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ERIC Number: EJ1006400
Record Type: Journal
Publication Date: 2013-Apr
Pages: 32
Abstractor: As Provided
ISSN: ISSN-0033-295X
A Probabilistic Clustering Theory of the Organization of Visual Short-Term Memory
Orhan, A. Emin; Jacobs, Robert A.
Psychological Review, v120 n2 p297-328 Apr 2013
Experimental evidence suggests that the content of a memory for even a simple display encoded in visual short-term memory (VSTM) can be very complex. VSTM uses organizational processes that make the representation of an item dependent on the feature values of all displayed items as well as on these items' representations. Here, we develop a probabilistic clustering theory (PCT) for modeling the organization of VSTM for simple displays. PCT states that VSTM represents a set of items in terms of a probability distribution over all possible clusterings or partitions of those items. Because PCT considers multiple possible partitions, it can represent an item at multiple granularities or scales simultaneously. Moreover, using standard probabilistic inference, it automatically determines the appropriate partitions for the particular set of items at hand and the probabilities or weights that should be allocated to each partition. A consequence of these properties is that PCT accounts for experimental data that have previously motivated hierarchical models of VSTM, thereby providing an appealing alternative to hierarchical models with prespecified, fixed structures. We explore both an exact implementation of PCT based on Dirichlet process mixture models and approximate implementations based on Bayesian finite mixture models. We show that a previously proposed 2-level hierarchical model can be seen as a special case of PCT with a single cluster. We show how a wide range of previously reported results on the organization of VSTM can be understood in terms of PCT. In particular, we find that, consistent with empirical evidence, PCT predicts biases in estimates of the feature values of individual items and also predicts a novel form of dependence between estimates of the feature values of different items. We qualitatively confirm this last prediction in 3 novel experiments designed to directly measure biases and dependencies in subjects' estimates. (Contains 17 figures, 1 table and 1 footnote.)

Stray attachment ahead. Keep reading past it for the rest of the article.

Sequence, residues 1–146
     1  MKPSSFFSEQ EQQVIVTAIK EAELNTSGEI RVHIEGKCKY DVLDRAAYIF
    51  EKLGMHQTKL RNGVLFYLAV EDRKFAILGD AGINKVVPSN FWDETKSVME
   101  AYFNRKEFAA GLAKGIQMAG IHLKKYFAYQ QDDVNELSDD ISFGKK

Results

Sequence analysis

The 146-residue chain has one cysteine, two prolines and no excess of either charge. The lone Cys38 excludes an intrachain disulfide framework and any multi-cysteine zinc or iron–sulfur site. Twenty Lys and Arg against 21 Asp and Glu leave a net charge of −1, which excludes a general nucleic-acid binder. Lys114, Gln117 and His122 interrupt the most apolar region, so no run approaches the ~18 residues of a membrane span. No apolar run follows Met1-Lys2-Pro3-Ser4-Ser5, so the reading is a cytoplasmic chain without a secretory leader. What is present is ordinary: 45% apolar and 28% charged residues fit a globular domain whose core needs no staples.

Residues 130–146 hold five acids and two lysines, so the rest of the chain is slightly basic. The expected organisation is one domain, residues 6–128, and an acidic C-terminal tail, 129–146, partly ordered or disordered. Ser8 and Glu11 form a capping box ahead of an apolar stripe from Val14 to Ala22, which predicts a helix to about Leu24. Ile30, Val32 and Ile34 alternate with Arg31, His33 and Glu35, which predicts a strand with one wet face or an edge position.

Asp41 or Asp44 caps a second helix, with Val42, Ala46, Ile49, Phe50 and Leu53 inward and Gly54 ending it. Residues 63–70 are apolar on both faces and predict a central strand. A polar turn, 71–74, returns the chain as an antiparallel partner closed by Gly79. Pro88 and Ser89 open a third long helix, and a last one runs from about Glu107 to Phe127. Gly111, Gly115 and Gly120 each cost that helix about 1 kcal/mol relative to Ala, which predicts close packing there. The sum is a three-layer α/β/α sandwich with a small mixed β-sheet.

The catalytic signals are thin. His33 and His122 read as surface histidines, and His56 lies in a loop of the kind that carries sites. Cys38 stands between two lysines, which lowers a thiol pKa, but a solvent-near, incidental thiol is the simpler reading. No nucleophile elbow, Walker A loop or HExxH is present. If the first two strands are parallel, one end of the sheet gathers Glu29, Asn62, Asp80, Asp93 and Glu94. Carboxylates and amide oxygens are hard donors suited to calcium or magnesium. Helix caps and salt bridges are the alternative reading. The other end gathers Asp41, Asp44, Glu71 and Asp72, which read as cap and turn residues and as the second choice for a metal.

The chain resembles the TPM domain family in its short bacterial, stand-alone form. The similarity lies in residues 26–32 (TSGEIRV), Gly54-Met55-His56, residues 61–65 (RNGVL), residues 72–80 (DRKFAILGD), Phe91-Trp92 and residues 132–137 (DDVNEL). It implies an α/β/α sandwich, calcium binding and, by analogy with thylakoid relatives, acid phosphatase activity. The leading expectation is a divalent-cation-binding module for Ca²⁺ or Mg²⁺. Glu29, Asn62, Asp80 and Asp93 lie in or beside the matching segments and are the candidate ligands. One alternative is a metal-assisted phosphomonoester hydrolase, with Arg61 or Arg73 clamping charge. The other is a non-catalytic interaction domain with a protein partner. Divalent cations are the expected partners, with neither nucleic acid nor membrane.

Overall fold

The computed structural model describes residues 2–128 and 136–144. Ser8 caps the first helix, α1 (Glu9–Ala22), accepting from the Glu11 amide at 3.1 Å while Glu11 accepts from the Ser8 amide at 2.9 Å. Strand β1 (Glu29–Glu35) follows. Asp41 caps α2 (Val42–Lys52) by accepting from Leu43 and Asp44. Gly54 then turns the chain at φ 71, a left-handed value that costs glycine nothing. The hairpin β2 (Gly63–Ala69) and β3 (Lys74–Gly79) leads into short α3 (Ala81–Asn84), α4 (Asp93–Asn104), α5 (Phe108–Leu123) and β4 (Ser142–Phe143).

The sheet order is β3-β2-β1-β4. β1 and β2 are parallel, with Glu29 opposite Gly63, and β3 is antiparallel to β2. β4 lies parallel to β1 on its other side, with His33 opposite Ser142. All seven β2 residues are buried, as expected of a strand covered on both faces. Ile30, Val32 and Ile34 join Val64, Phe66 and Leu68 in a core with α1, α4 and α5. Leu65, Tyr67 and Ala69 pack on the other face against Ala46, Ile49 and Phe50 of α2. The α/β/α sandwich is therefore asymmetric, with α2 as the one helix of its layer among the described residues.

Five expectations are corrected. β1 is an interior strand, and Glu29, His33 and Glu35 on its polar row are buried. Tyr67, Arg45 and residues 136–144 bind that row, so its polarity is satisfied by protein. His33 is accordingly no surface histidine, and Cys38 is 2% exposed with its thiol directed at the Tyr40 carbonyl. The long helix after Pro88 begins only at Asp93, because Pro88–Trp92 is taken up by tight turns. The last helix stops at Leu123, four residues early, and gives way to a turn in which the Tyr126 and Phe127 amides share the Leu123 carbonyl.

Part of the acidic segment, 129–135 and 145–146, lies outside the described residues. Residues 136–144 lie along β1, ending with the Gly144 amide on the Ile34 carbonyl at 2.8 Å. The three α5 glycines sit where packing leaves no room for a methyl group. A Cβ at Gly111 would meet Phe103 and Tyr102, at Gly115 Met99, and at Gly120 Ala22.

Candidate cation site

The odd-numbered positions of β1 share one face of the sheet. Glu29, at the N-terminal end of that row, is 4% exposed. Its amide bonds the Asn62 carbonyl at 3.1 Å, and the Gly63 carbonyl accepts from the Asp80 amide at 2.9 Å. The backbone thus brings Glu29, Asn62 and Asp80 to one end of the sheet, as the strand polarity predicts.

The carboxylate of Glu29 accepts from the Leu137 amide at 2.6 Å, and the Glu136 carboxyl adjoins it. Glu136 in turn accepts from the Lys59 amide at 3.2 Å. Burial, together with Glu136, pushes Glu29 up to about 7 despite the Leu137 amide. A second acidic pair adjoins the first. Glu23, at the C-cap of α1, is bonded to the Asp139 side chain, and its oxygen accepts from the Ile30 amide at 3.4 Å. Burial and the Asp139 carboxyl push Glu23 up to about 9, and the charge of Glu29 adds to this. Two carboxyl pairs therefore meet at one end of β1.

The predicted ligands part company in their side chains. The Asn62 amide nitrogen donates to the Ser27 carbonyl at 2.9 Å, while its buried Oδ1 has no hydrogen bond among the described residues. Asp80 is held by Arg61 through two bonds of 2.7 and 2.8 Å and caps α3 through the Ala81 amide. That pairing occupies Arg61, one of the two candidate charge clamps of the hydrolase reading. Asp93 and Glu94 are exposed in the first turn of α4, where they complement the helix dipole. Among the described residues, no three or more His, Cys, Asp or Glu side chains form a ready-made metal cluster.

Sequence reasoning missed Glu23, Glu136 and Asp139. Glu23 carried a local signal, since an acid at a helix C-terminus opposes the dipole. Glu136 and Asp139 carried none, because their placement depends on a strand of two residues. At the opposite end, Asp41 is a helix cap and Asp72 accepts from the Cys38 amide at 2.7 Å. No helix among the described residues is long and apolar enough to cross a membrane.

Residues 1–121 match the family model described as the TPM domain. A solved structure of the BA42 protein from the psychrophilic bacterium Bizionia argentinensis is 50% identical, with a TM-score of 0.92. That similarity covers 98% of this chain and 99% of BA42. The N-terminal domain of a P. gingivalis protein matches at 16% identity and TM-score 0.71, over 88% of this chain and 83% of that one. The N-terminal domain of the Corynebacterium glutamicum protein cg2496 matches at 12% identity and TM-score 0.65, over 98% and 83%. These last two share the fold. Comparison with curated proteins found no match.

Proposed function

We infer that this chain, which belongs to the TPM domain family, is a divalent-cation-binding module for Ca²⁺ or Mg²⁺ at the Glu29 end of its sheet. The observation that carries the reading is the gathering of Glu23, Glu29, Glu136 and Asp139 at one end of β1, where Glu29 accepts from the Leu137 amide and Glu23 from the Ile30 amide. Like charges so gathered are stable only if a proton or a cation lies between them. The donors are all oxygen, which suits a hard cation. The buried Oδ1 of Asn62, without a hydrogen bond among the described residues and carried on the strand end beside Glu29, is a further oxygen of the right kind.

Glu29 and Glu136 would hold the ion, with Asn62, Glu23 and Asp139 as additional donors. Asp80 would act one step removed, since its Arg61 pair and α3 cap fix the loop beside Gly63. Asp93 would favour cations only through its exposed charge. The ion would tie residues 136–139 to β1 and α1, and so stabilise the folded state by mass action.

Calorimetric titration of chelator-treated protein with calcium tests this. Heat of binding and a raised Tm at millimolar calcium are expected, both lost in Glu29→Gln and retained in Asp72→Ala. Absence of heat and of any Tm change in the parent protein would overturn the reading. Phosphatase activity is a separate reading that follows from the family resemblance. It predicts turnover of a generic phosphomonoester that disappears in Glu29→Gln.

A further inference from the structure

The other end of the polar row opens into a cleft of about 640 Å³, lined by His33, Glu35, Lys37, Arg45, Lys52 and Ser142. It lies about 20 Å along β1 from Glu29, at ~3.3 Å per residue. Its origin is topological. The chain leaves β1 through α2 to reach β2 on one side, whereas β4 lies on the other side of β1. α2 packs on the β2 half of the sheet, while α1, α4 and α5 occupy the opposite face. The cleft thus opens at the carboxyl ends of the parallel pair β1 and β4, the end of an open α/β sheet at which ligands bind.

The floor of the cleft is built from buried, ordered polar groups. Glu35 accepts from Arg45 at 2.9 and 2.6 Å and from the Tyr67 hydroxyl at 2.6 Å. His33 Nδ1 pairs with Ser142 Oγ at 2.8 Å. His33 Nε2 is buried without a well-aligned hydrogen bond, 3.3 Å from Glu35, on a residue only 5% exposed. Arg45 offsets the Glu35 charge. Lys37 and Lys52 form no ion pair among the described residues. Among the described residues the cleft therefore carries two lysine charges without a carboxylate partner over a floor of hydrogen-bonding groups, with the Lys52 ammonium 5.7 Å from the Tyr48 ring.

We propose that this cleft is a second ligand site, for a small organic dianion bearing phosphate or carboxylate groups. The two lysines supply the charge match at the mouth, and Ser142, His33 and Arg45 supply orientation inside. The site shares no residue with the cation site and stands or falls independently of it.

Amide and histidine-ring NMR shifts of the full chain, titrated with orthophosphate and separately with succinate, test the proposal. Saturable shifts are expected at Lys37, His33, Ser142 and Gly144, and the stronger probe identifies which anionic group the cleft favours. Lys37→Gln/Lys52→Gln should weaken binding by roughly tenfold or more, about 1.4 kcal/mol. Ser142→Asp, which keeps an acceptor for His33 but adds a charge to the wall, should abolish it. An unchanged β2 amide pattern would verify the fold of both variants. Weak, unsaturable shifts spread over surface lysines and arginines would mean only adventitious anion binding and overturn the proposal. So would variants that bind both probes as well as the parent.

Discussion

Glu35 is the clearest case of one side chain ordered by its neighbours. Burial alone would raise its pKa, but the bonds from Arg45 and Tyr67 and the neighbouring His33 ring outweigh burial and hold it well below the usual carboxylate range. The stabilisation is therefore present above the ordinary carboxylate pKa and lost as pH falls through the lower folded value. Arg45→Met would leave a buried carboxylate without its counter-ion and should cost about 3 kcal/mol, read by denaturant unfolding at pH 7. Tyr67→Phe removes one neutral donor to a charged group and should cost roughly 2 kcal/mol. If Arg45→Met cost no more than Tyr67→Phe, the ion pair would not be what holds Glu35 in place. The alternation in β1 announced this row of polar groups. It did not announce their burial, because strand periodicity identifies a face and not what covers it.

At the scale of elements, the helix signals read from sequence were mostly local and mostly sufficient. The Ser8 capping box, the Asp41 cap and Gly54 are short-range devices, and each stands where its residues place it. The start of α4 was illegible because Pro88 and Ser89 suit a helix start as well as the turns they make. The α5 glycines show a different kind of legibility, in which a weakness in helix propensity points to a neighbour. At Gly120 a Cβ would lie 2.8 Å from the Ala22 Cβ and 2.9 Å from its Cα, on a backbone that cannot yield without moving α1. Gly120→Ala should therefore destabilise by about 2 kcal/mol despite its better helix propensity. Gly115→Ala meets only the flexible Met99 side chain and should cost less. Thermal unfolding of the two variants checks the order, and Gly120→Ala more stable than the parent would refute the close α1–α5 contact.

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Publication Type: Journal Articles; Reports - Evaluative
Education Level: N/A
Audience: N/A
Language: English
Sponsor: N/A
Authoring Institution: N/A
Grant or Contract Numbers: N/A